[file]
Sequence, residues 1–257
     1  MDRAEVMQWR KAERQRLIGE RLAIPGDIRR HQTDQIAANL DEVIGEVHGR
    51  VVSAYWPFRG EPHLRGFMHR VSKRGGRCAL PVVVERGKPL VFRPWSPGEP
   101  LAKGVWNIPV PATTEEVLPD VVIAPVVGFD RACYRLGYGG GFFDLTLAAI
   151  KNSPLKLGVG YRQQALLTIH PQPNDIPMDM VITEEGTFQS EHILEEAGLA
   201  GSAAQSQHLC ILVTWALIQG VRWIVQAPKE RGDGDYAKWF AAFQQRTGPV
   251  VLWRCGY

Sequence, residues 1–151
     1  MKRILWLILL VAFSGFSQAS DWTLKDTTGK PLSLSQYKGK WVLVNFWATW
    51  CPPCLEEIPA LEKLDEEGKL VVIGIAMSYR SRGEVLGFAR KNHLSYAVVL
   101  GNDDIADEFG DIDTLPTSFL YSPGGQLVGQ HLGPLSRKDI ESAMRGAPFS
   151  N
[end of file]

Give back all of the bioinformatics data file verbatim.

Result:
Sequence, residues 1–257
     1  MDRAEVMQWR KAERQRLIGE RLAIPGDIRR HQTDQIAANL DEVIGEVHGR
    51  VVSAYWPFRG EPHLRGFMHR VSKRGGRCAL PVVVERGKPL VFRPWSPGEP
   101  LAKGVWNIPV PATTEEVLPD VVIAPVVGFD RACYRLGYGG GFFDLTLAAI
   151  KNSPLKLGVG YRQQALLTIH PQPNDIPMDM VITEEGTFQS EHILEEAGLA
   201  GSAAQSQHLC ILVTWALIQG VRWIVQAPKE RGDGDYAKWF AAFQQRTGPV
   251  VLWRCGY

Sequence, residues 1–151
     1  MKRILWLILL VAFSGFSQAS DWTLKDTTGK PLSLSQYKGK WVLVNFWATW
    51  CPPCLEEIPA LEKLDEEGKL VVIGIAMSYR SRGEVLGFAR KNHLSYAVVL
   101  GNDDIADEFG DIDTLPTSFL YSPGGQLVGQ HLGPLSRKDI ESAMRGAPFS
   151  N